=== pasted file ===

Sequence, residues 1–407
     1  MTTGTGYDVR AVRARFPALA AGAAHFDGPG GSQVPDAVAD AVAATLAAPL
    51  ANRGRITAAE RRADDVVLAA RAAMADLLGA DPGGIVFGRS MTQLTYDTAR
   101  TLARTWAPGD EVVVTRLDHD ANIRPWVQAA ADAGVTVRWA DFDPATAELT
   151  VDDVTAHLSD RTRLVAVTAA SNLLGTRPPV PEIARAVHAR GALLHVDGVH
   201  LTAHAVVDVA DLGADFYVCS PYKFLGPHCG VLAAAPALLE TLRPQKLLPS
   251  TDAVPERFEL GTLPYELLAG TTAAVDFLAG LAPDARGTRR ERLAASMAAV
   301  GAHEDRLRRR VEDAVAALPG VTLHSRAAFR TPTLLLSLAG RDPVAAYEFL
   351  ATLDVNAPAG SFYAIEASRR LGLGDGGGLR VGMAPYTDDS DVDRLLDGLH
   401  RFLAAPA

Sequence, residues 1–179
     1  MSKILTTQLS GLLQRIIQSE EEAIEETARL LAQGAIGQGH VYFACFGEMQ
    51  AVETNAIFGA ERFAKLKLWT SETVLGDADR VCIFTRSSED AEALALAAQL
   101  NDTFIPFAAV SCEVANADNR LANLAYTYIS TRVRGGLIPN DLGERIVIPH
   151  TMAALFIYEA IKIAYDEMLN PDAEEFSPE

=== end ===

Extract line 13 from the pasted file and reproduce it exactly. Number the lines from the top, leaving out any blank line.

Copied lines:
    51  AVETNAIFGA ERFAKLKLWT SETVLGDADR VCIFTRSSED AEALALAAQL